The Police's Armed Response Teams trials are coming to an end this weekend, with a two month evaluation to look at how it went.
In October, then Police Commissioner Mike Bush announced a six-month trial of full-time armed police units in Counties Manukau, Waikato and Canterbury, with new customised vehicles carrying teams of trained Armed Offenders Squad (AOS) officers ready to respond to "high risk" incidents at any times.
On police's page about the trials, the teams' purpose is defined as being "focused on responding to events where a significant risk is posed to the public or staff and supporting the execution of pre-planned and high-risk search warrants, high-profile public events and prevention activities".
On Sunday, the trial of ARTs, which has attracted criticism, will end.
Newly appointed Police Commissioner Andrew Coster said police's Evidence Based Policing Centre will take two months to evaluate the trial as one part of a review into ARTs.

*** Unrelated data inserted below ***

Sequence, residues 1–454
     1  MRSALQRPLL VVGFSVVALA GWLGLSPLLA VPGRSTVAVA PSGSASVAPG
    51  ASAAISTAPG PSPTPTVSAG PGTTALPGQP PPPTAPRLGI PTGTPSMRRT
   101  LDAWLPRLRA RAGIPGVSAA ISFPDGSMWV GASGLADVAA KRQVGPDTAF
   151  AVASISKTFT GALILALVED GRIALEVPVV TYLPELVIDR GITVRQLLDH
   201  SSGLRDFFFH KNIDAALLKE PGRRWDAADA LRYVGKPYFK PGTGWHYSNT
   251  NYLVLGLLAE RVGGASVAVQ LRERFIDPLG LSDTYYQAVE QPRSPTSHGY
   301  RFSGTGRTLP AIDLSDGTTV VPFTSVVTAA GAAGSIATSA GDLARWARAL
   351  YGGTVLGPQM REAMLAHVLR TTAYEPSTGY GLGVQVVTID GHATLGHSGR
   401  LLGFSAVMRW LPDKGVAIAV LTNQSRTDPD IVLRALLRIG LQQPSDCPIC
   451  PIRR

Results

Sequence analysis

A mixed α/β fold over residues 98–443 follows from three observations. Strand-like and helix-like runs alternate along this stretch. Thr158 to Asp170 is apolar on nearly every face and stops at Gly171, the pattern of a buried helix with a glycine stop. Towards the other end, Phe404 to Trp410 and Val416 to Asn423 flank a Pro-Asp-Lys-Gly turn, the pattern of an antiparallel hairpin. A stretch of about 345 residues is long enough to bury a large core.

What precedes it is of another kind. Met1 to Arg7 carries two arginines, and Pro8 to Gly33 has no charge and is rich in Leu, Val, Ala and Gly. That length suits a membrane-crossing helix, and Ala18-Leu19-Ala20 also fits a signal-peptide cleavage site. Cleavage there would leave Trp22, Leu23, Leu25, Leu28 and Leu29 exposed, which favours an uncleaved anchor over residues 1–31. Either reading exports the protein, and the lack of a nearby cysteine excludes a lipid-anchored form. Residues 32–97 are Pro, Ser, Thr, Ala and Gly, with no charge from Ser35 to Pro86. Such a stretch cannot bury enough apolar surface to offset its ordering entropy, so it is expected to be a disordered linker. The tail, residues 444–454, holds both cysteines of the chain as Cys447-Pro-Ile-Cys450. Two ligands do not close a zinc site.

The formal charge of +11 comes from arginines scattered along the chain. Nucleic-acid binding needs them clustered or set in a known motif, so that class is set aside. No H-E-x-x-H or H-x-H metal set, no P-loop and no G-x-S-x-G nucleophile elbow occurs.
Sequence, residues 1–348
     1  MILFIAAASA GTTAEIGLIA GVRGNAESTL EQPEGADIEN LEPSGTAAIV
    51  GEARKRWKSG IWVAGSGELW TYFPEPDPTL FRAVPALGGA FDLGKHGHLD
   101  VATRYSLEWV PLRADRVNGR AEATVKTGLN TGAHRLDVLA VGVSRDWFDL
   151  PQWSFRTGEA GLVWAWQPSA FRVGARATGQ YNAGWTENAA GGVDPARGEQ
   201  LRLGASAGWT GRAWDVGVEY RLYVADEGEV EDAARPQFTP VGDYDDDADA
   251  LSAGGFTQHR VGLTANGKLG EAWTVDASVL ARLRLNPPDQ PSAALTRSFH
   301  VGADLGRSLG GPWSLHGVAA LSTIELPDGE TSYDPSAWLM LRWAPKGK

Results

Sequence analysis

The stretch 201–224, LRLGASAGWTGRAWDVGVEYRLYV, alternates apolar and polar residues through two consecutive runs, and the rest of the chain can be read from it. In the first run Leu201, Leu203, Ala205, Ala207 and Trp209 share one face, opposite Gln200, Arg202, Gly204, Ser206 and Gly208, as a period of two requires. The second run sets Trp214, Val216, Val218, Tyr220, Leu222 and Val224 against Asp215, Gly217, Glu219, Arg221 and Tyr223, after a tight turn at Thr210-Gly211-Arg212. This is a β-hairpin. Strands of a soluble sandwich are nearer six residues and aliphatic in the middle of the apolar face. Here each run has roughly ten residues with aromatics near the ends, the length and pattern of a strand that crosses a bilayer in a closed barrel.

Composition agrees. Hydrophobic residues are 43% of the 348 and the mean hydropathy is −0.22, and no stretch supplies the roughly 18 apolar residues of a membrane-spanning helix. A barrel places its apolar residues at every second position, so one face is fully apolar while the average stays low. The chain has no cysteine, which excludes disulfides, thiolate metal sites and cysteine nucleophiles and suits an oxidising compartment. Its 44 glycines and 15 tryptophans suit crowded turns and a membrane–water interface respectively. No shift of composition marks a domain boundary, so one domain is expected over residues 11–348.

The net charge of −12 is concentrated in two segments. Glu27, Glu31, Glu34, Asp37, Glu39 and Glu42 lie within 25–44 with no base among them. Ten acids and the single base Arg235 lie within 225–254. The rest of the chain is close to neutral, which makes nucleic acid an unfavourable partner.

"We know that some communities have had some concerns about the ARTs and how they were being deployed. Now the trial is over an evaluation will be done and the views of the community taken into account as part of that," Mr Coster said.
"This will include data collected during the trial, public perceptions data, and the views of police teams involved, as well as other relevant interested parties.
"We will also consult with community groups and talk to our people and the teams involved with the ARTs. We recognise that the ultimate question of the style of policing we adopt in this country cannot be answered by an evaluation, instead it needs to reflect a wider conversation with our communities."
Mr Coster said, for police, the trial was about having specialist police personnel immediately ready to deploy to critical or high-risk incidents.
"This was to support our frontline with any incidents that required enhanced tactical capabilities. This was also part of recognising we were, and still are, at a medium threat level," he said.
"Everything we do, we do to keep New Zealanders safe and feeling safe."
However, the trial immediately attracted criticism with the group People Against Prisons Aotearoa warning it could cause "American-style shootings".
Justice advocate Julia Whaipooti also voiced fears it puts Māori lives at risk .
Mr Coster said how the public felt was important and that "any options that come out of the review will be consulted with communities as part of our efforts to take a collaborative approach to policing".
Staff will go back to the substantive roles which they were in prior to the trial and the specialised vehicles will not be used in the short term.